“As you know, Superb programme is a programme which provides initial capital to start up new and innovative businesses for Bumiputera youth who have new innovative business ideas which could be introduced or even be a hit in today’s market.
“I believed that I have a few new and innovative business ideas that I can bet on in the Superb programme.
“For that programme, I offered Superb my latest innovation, ‘Biochar Pyrolysis’ – Innovated Technology For Charcoal Production,” Akhmal said to BizHive Weekly.
Biochar Pyrolysis, he explained, is a technology that will improve and reduce the production cost of producing charcoal to as much as 60 per cent of the current cost using the traditional technology, a method which is still widely used by charcoal producers in Malaysia.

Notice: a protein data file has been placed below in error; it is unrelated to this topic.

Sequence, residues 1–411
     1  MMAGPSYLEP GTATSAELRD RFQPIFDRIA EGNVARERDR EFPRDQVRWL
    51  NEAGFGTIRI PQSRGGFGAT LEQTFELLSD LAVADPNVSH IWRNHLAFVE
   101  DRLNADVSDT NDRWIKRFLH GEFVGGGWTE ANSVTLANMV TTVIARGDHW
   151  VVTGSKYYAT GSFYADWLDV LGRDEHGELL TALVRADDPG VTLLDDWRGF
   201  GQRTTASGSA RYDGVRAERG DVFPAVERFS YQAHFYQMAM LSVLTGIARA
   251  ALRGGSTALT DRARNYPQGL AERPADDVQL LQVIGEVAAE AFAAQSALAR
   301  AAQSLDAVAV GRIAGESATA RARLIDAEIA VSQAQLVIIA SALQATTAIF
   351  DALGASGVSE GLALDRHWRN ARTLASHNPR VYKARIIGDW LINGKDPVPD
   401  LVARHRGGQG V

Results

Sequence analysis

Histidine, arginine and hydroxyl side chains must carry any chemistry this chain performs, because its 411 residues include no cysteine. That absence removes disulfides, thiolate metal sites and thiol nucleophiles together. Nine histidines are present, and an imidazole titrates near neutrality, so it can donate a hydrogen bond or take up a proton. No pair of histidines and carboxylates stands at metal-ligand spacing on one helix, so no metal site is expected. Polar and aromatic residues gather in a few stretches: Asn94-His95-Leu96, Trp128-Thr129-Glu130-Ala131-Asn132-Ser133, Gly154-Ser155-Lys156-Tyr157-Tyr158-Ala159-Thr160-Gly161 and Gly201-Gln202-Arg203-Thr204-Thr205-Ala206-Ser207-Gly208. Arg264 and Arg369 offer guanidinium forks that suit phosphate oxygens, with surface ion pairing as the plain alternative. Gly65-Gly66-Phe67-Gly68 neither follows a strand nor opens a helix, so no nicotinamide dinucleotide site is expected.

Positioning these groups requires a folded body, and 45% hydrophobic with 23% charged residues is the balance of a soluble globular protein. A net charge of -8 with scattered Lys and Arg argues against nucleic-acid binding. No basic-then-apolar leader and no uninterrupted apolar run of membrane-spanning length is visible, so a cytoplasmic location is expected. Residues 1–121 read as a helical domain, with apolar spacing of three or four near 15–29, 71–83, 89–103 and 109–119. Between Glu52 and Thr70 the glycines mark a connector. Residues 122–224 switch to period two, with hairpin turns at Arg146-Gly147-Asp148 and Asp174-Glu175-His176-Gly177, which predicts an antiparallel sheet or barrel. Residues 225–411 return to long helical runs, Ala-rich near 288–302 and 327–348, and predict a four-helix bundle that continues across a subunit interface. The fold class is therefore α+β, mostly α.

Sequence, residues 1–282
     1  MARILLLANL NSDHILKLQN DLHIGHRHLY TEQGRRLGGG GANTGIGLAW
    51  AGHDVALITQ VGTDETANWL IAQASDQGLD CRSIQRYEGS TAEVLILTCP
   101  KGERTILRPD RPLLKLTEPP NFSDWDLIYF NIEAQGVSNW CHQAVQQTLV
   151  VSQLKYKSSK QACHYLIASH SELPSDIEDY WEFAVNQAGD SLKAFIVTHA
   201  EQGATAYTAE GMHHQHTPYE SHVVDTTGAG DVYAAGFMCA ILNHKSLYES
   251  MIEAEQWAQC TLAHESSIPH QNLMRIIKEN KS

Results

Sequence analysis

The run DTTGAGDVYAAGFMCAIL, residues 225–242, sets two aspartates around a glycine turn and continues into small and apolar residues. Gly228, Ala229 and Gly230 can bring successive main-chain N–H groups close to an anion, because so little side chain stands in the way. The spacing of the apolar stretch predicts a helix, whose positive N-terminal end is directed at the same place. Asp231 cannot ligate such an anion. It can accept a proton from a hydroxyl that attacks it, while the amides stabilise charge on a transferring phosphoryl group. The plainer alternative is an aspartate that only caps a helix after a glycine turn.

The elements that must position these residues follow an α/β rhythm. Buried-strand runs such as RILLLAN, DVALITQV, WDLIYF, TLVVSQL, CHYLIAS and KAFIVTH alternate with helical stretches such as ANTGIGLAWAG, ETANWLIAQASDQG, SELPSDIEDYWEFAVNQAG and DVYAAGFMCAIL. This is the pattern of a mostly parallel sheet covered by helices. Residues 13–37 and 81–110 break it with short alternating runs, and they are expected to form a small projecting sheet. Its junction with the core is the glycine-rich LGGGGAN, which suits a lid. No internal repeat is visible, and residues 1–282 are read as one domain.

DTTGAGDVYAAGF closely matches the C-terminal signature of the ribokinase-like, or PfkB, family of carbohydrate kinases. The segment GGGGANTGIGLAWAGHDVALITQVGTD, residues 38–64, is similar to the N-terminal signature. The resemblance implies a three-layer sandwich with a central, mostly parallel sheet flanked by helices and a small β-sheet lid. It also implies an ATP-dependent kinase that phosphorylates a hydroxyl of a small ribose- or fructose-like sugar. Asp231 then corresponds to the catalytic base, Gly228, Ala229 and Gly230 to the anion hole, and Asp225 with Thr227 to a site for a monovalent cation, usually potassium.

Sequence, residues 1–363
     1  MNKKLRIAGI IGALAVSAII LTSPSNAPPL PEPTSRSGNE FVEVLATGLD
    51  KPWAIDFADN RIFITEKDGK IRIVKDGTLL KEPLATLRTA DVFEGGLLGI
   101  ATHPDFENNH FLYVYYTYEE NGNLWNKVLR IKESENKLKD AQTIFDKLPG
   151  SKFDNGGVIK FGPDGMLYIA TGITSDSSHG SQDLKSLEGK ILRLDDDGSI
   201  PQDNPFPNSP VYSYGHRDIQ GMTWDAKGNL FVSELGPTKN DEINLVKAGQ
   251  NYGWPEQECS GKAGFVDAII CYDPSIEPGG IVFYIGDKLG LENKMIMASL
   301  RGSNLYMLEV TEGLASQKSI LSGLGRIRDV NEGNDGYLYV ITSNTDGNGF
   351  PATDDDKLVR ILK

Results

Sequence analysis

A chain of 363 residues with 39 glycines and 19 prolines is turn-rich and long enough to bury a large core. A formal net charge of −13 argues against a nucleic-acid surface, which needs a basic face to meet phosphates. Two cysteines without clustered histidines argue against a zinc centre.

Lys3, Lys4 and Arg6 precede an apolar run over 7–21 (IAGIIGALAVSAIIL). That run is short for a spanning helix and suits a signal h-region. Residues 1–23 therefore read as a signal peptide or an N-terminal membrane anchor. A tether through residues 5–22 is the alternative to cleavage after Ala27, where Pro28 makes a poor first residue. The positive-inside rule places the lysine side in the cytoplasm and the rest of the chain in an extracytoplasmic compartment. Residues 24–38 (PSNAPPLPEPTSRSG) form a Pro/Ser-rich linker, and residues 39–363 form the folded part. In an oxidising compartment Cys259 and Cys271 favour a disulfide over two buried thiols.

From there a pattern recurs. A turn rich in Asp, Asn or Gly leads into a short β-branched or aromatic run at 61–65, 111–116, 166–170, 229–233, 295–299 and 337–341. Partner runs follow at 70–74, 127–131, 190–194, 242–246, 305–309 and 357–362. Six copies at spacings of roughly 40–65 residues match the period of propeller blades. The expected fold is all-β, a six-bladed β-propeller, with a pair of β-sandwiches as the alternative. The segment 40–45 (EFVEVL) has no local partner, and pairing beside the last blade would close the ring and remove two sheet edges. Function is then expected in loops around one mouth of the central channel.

“The pyrolysis system that we adopted for the charcoal production will also produce better and cleaner charcoal compared to the traditional method,” he said, adding that the system is also environmental friendly as there is no smoke produced in the process.
Akhmal believes charcoal production will be more cost efferctive with better quality products while at the same time, the industry will be a green industry for the country if all charcoal producers adopted his technology.
On the progress and development of Biochar Pyrolysis, Akhmal shared that they have just completed their design and planning stage.
“We have rented a factory in Sejingkat Industrial Area for our future operation,” he enthused. “We will very soon start fabricating our own design (of) relevent machineries.”
With the funding from Superb, Akhmal is confident that they will surely be able to have a modern charcoal production factory capable of producing various types of charcoal/biochar products in the range of 10 metric tonnes (mt) per day.